Lynn wrote:I've been thinking a lot about this part of the film, because I can't really figure it out.
How do you interpret the end of BB?
The whole film revolves around the themes of justice, revenge and compassion. Doesn't Batman's decision contradict his words about compassion being important? I mean, after all, he does leave Ducard to die.
Does he simply turn Ducard's philosophy against him, in a "You made your choice, now face the consequences" kind of way?
What do you think?
First off, I think in a very simple way Bruce is telling Ras to get f***ed. It's his way of simply saying I win.
But delving into why it's a victory is where the weight of this line can be found. Bruce believed that Gotham simply needs to be protected and given a chance to do better, his core belief is that people are good if their world is stable, it's fear and other symptoms of dysfunctional societies, but mainly fear, that drives a city to ruins. This is Bruce's goal, to make Gothamites feel safe, believing they'd then do the right thing.
Ras believes in a no apologies sense of justice, the only way to protect the world is by getting rid of all that's bad. If you've done wrong, you've lost your right to live. He interprets Bruce more idealistic approach as an unwillingness to do what is truly necessary, saying it with condescension.
So when the moment comes that Bruce wins, Ducard still tries to take the psychological victory, asking if Bruce now knows he has to kill. Thus, Bruce's response meant "I don't have to kill that which is evil, evil will often destroy itself by acting against society. I don't have to cross the line, I just have to allow that which is good to act and let you fall". It is a core expression of what Batman believes, I don't have to kill bad people because, if I create a climate where good is allowed to stand up to bad, the bad will destroy itself when it no longer can get what it desires, when their actions fail because everyone has stood up to them"
The key to this is "mind your surroundings". Ra's often means it literally, as his goals are literal. When Bruce overtakes him, he repeats the line, the emphasis being that Bruce's minding his surroundings come in the form of the citizens of Gotham, Bruce has successfully inspired someone to help him, Gordon, the first domino. So, coming back to theatricality and deception, Bruce goes to fight Ra's up top, but the fight is as much a distraction as it is an actual mission, because Batman's new ally was taking Ra's out from under him without Ra's even noticing. So Bruce flips Ra's own line to point out that Bruce has succeeded, the people have helped him stand up to Ra's, and Ra's was too cynical you could say to even prepare for that. It's particularly interesting that the one man who has the balls to help Batman is the one who can help because he got the cure. Batman gives Gordon an object that literally allows him to not feel fear, and then Gordon in turn helps Batman stand up to evil. This is a microcosm of the whole film really thematically. This brings it all together, Batman defeats ra's not with strength but by his effect on someone good, Ra's never saw it coming because he didn't think enough of the people to at all worry about that.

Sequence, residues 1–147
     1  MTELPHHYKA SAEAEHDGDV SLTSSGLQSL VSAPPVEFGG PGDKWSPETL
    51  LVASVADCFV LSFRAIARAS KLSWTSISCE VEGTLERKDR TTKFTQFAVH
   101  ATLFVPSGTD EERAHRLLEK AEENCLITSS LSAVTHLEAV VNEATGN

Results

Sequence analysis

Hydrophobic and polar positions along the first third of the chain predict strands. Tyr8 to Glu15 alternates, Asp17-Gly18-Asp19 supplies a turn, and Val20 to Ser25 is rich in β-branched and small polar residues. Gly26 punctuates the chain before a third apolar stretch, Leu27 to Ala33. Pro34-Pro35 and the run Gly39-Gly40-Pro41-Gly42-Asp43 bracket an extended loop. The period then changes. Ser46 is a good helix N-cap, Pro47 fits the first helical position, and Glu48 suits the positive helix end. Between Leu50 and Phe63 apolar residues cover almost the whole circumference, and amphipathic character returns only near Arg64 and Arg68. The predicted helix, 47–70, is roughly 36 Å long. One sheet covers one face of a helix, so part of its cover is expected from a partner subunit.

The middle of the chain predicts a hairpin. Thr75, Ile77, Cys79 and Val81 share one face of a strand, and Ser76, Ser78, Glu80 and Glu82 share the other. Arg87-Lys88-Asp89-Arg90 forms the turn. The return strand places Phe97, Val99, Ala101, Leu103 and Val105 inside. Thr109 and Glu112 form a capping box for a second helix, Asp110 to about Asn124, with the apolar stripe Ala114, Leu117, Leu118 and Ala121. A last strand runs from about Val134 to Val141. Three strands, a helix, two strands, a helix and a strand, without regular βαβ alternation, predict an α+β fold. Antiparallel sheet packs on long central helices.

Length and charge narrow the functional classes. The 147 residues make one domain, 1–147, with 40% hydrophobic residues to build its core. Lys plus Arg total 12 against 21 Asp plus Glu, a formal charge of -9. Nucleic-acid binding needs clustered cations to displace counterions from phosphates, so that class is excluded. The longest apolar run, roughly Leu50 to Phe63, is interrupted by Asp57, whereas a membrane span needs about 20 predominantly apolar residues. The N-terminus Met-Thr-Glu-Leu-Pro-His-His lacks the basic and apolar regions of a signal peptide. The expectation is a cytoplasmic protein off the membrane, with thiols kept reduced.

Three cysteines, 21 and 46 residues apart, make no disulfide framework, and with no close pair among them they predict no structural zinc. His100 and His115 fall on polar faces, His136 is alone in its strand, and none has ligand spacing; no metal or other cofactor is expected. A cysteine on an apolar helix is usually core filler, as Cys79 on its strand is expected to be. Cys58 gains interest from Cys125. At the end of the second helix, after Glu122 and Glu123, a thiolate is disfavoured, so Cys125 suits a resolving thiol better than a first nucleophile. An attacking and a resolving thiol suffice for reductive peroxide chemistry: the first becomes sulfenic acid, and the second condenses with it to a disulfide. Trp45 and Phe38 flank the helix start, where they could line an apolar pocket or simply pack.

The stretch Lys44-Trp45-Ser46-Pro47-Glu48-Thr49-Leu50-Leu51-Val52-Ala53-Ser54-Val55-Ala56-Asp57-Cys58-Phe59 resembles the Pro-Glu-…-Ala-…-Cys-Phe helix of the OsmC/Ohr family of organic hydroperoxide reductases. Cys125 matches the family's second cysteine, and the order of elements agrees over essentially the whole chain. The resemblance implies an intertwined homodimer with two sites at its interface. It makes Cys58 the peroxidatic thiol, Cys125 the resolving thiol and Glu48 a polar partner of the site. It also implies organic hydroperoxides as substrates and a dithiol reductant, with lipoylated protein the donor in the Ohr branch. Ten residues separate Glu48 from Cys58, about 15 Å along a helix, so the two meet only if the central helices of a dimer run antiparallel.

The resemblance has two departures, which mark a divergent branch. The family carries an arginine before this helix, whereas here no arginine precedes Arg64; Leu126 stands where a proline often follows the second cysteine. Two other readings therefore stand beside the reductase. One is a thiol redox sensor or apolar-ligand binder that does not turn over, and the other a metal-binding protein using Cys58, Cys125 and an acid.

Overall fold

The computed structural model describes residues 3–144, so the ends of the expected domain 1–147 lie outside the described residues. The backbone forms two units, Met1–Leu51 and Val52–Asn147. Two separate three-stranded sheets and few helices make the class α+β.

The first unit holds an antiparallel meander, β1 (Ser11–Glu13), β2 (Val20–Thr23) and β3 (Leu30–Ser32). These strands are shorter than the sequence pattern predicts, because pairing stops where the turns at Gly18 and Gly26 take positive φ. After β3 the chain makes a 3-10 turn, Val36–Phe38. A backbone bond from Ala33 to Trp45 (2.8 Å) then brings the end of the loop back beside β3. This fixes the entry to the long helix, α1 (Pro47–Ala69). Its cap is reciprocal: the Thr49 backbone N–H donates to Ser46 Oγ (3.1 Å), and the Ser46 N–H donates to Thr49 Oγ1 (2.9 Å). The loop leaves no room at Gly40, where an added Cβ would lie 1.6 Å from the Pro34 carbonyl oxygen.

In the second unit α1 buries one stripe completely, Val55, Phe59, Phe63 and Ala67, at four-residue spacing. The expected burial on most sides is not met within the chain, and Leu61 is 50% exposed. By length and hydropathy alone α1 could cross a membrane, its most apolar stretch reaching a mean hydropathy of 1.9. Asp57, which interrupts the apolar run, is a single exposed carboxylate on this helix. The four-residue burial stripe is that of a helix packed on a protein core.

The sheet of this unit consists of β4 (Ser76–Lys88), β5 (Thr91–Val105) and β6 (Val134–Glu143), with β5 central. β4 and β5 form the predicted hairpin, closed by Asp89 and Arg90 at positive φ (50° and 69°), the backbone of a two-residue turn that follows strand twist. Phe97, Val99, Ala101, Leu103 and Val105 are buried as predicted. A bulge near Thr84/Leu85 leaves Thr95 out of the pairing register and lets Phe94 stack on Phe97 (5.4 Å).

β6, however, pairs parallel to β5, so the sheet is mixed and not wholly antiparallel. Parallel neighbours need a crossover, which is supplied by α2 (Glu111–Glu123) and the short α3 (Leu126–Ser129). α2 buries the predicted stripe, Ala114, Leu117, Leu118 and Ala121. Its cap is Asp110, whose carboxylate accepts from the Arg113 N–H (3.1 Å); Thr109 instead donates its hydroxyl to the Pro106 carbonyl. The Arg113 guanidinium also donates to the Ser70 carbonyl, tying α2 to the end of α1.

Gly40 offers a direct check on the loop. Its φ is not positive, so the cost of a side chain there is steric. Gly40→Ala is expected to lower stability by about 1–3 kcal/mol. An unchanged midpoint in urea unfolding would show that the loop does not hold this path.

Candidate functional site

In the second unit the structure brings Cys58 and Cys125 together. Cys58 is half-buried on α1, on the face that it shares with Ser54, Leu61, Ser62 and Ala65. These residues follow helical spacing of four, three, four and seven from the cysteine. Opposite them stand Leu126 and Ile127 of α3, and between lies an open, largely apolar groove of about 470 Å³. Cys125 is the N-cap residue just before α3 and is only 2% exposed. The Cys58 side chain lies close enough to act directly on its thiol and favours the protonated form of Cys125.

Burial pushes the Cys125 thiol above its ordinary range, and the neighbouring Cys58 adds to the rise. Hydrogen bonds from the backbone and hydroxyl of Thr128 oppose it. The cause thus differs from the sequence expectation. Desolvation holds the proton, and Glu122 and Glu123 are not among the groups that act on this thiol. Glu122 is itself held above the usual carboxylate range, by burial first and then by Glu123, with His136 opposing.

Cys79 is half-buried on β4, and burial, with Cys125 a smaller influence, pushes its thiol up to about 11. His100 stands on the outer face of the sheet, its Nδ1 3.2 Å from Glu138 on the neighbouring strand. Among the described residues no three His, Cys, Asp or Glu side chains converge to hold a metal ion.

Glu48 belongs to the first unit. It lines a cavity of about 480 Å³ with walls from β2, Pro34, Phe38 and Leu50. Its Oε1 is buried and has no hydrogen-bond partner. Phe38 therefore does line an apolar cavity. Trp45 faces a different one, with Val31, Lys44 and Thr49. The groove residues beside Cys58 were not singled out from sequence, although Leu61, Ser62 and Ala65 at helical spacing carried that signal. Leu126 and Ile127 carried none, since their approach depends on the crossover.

Unfortunately for Bruce, he was right. In TDK his plan works in theory, as the mob crumbles in the face of a system that no longer is afraid to fight back. What Bruce didn't understand is that the mob, the evil of Gotham, would resort to desperation before ceasing to exist.
Enter the Joker, a type of evil Bruce wasn't planning for, a man that doesn't apply to Bruce's theory of the bad dying when they can't get what they want, because the Joker doesn't want anything. It's easy to not kill the mobsters because as they fail they will lose power, but how do you not kill a man that's goal is for you to kill him, and whose crimes are meant only to drive you to that point? It's at the end of TDK, when Batman wins and then saves the Joker with the grapple, that Batman proves to truly be incorruptible, to be an absolute of his philosophy from BB.
It seems almost every quotable line in these films applies to the entire series. It truly is extraordinary how philosophically and thematically tight these films have been.